Karen Bohnert

School cancellations make kids scream with joy. Staying in pajamas, baking cookies, watching movies, and then heading out to play in the snow — oh, what fun!

Except for farm kids, where a snow day means something else entirely. Three days after Thanksgiving, we got to witness firsthand what a snow day means around here at Bohnert Jerseys.

Snow days mean praying that we don’t lose power and that we don’t have to hookup the generator . . . and if we do, hoping the generator doesn’t fail us. Snow days mean plowing and pushing a lot of snow. I can’t emphasize this enough — we plow and push a lot of snow. This job takes all day.

Nobody stays in pajamas. Nobody watches movies. Nobody plays in the snow. Instead, out the door we go to help shovel and plow the snow. We divide to conquer the chore list, which is extra long because of the foot of snow that we received the night prior.

Speaking of which, the day before, when it heavily snowed in the late afternoon and evening, Scott had already clocked in a 15-hour day. He came inside for dinner and Sunday Night Football, and then went back outside at 10 p.m. to begin plowing snow so second-shift employees could leave and our first-shift employees could come in, as well as the milk truck.

Scott did that job until 1 a.m. Then, back outside he went at 5 a.m. the next morning to mix feed and begin his even longer day because of all the snow. That was when all the schools around us, and many of the businesses, announced they were closed due to the snow.

However, as you all are well aware, dairy farms are never closed. They are open rain or shine — and even in a blizzard.

I rose soon after my husband to start making breakfast. I felt compelled to make a small feast for our family and our employees, to help fuel them up for the work that lay ahead. So a couple of breakfast casseroles, cut-up fresh pineapple, and a few gallons of milk headed to the barn break room, where the crew happily ate it all up.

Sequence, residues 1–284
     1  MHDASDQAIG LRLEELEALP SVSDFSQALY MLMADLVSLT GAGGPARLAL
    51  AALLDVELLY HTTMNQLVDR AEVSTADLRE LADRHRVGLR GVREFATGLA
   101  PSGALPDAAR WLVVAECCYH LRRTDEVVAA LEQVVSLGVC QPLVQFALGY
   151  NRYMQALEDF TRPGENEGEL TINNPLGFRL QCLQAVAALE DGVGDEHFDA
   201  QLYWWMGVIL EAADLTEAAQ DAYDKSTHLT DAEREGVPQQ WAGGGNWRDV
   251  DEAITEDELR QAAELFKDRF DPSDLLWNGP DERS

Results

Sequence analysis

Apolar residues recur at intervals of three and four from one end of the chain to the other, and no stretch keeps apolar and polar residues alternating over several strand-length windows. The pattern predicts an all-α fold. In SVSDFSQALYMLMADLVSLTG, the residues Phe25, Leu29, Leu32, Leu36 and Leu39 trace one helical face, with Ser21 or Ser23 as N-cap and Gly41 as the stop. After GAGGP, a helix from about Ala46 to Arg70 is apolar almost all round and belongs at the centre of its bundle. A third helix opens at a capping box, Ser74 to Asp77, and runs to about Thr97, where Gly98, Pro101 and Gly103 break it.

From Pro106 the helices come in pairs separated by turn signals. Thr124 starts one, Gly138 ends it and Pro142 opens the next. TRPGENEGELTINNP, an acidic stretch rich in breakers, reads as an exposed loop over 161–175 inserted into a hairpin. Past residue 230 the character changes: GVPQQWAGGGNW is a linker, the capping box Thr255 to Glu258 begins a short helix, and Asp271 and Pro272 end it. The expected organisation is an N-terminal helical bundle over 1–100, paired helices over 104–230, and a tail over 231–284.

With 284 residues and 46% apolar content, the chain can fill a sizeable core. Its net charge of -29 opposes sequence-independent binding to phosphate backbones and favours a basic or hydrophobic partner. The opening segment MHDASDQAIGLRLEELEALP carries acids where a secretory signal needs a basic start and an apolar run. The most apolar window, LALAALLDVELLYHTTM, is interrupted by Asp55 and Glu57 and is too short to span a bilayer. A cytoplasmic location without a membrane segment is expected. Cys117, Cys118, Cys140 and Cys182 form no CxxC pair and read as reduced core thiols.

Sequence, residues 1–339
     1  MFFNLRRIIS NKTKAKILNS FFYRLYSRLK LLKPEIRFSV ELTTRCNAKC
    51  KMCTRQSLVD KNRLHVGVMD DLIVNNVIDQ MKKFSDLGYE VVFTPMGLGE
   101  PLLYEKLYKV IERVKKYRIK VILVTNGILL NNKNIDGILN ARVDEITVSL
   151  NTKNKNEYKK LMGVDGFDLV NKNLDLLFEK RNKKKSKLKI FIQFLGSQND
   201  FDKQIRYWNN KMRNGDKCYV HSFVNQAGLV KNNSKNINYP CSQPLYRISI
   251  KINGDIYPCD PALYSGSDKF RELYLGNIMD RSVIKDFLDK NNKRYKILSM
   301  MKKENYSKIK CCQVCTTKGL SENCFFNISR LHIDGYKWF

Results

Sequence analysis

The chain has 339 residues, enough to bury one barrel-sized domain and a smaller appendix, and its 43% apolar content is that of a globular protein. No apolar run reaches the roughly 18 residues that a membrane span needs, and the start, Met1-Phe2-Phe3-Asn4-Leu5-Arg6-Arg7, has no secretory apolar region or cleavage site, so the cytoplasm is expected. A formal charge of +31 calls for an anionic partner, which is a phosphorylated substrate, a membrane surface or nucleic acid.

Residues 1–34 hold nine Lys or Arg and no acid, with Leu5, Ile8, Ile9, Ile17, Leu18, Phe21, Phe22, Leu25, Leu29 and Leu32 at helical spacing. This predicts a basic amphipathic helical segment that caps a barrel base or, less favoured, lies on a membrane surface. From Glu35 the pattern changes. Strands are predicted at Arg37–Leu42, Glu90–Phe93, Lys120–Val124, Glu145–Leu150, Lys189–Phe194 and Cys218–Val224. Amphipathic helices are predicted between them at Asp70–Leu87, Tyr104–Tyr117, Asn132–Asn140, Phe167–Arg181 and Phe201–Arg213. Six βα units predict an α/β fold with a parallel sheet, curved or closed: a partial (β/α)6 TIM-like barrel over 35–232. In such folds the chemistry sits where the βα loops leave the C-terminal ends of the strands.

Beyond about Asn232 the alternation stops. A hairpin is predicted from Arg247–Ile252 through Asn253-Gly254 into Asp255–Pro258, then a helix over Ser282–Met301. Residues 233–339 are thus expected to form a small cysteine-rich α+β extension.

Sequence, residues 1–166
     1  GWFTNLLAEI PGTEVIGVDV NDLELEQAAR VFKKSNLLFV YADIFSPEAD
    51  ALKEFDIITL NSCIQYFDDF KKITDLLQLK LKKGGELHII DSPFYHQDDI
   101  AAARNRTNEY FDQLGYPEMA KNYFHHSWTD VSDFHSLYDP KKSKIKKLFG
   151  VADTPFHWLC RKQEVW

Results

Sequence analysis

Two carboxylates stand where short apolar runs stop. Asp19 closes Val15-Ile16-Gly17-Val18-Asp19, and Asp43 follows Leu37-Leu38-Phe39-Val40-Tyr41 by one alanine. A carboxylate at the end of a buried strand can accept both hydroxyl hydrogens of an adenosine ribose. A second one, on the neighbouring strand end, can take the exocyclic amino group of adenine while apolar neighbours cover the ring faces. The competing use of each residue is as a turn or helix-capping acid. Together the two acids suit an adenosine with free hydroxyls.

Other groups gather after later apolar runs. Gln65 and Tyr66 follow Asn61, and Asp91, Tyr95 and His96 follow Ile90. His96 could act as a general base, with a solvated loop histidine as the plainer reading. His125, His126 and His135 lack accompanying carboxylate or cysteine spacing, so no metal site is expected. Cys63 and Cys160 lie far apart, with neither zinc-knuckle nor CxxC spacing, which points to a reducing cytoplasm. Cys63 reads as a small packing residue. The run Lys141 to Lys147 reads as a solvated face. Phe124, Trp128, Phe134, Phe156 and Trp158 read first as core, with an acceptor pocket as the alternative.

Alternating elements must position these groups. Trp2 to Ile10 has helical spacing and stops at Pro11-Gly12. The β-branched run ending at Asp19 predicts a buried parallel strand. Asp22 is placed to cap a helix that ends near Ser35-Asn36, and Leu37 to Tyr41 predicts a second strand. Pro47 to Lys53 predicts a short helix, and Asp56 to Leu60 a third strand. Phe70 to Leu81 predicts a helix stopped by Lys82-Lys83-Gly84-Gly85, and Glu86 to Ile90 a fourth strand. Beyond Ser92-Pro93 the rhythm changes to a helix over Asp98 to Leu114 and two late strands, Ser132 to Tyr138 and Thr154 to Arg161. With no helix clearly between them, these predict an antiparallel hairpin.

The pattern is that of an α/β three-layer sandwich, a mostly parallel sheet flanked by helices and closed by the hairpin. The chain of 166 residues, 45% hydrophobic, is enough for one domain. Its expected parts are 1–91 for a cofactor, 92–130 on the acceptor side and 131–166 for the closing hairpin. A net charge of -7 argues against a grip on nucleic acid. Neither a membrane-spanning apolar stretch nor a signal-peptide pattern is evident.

Then, after a quick breakfast break, we all headed out to help attack the chore list. Our oldest son, Tyler, helped his father plow snow, feed heifers, bed heifer lots, feed calves, and more.

Our daughter, Cassie, helped the veterinarians who were here for herd health day to pregnancy check cows and heifers. Yes, veterinarians don’t take snow days either. After helping the vets for half of the day, Cassie then helped feed calves.

Our youngest son, Jacob, was probably the most entertained by the snow, but sadly no snowmen were built despite having an abundance of the white stuff. Jacob didn’t have time for that because he was busy helping his mama and two of our employees shovel out all our calf hutches. That proved to be quite the workout. I quickly realized it was okay to skip the gym because I was easily convinced that shoveling calf hutches must have burnt 5,000 calories.

At 5 p.m., the two youngest and I headed inside to unthaw, shower, and relax. I turned the oven back on and Cassie helped me bake cookies for our second-shift employees as a small token of appreciation for all that they do. We are blessed with some of the best guys working for us. Every single employee clocked in on time.

When I thanked them, they replied, “It’s our job to show up on time.” They also continued to extend their thanks when I helped shovel calf huts, like I was doing them a favor, when in return, I should be thanking them. They were doing us a favor, always willing to go above and beyond to get the job done. It honestly takes a small army to tackle the chore list always, but especially on a snow day.

My kids fell asleep very early that night — on the sofa and in front of an open, warm fireplace. It’s a simple recipe — work hard, sleep hard. A formula that I watch my husband illustrate, day-in and day-out. He always asks, “When did I get so old?” in reference to why he can’t stay awake past 8 p.m. in the winter months.

Before bed, a flood of emotions overcame me. During the chaos the snow day brought, I was able to slow down just long enough to see some of my life’s blessings illustrated that day.

My kids never once complained about having to work outside, all day long in the cold and snow. They seamlessly became part of the workforce and ultimately are the reasons that we were able to successfully get chores done. My Jersey kids suited up and helped out. They worked harder than some grown men do.

Snow days bring joy to most kids, but for farm kids the same excitement isn’t shared. Although, I’ll admit that when I saw my kids’ school scroll across the bottom of the television, I might have breathed a sigh of relief. Not only did that mean I didn’t have to try to get them to the bus stop, it meant we had extra help, and truthfully, not only was it appreciated — it was needed.

Around the Kitchen Table is a regular column in Hoard's Dairyman. The author and her husband work in partnership with family on a 500-cow dairy in East Moline, Ill.